Oscars: From 'Amy' to 'Winter on Fire,' Documentary Nominees Shine a Light on a Harsh World

Courtesy of Netflix
Nina Simone performing New York’s Westbury Music Fair in 1968 in 'What Happened, Miss Simone?'

This year's contenders explore genocide, drug cartels, doomed revolutions and tragic crooners, as their directors reveal the sense of mission that drives them to tell challenging stories.

This story first appeared in a special awards season issue of The Hollywood Reporter magazine.

In case anyone needs to be reminded that the world can be a cruel and unforgiving place, we give you this year's Oscar nominees for best documentary feature. The five films chosen as final­ists by the Academy of Motion Picture Arts and Sciences' doc­u­mentary branch offer up a woeful smorgasbord of malice, mayhem and misery.

Government stormtroopers in Ukraine savagely beat hope­ful young protesters in Winter on Fire: Ukraine's Fight for Freedom. Townspeople in Mexico rally to fight an unwinnable battle against murderous drug gangsters in Cartel Land. Talented voices — Amy Winehouse in Amy and Nina Simone in What Happened, Miss Simone? — falter tragically under the pressures of celebrity, depression and addiction. And that's just some of the feature-length nominees. The documentary shorts — on such subjects as Ebola, the Holocaust, birth defects and Pakistani honor killings — are even more somber.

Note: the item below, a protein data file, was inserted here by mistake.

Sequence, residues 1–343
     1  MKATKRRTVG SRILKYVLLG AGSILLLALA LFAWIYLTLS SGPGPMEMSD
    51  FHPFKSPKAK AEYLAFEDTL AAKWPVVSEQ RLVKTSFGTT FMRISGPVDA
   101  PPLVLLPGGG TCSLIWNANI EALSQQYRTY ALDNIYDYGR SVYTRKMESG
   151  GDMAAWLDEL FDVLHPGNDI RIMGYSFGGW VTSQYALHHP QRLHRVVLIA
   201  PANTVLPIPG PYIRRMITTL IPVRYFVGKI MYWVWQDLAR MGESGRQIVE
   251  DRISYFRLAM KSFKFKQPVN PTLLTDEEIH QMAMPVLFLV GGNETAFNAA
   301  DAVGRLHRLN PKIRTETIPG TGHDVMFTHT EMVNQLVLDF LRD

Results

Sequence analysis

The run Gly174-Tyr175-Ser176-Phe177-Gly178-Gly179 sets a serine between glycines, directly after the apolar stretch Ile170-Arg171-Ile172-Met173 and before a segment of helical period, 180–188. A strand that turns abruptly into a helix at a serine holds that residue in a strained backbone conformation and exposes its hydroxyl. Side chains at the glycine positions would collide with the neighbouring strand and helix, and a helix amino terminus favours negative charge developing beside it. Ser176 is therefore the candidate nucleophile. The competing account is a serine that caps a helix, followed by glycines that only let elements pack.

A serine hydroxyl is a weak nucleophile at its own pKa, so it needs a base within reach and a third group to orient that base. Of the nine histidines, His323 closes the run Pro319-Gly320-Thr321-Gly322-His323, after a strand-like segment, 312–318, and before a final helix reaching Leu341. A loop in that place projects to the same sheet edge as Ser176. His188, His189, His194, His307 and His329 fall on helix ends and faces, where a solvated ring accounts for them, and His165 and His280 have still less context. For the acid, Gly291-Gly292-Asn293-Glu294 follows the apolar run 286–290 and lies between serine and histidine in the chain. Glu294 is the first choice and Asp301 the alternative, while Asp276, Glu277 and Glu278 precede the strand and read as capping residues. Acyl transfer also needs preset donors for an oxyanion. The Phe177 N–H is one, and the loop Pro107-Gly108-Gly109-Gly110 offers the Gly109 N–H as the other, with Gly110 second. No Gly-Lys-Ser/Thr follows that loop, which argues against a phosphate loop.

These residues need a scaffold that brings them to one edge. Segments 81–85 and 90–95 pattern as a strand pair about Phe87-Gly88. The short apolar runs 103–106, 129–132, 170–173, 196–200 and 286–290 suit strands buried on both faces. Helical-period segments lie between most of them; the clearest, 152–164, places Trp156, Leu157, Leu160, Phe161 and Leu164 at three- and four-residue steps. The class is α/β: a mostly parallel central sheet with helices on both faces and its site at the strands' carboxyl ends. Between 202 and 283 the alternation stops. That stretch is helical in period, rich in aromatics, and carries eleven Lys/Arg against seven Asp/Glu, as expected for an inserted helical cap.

Tim “Nailer” Foley (left) in Cartel Land, a film about vigilante groups fighting drug traffic on the Mexican border. (MATTHEW HEINEMAN/COURTESY OF TRIBECA)

"It's not that the documentary branch of the Academy likes films that make people feel bad," says director Joshua Oppenheimer, whose nominated doc The Look of Silence — a follow-up to his The Act of Killing, which was nominated for a 2012 Oscar but lost to 20 Feet From Stardom, a film celebrating the work of backup singers — continues to explore the atrocities committed during the mid-1960s by the right wing Indonesian government (as many as 1 million suspected communists were killed). "I think people are longing for films that function as a kind of mirror, not distraction, that reflects back to us our deepest and most important truths."

"It's true that there are some years where we have March of the Penguins and slightly more feel-good stuff," adds Liz Garbus, whose What Happened, Miss Simone? might actually qualify as the feel-good entry of this lot (at least Simone lived to the ripe age of 70, unlike Winehouse, who died at 27). "But in general, documentaries tend to be hard-hitting, and documentarians feel like part of their role is to give voice to the voiceless. Maybe people feel like these stories aren't being told in other places."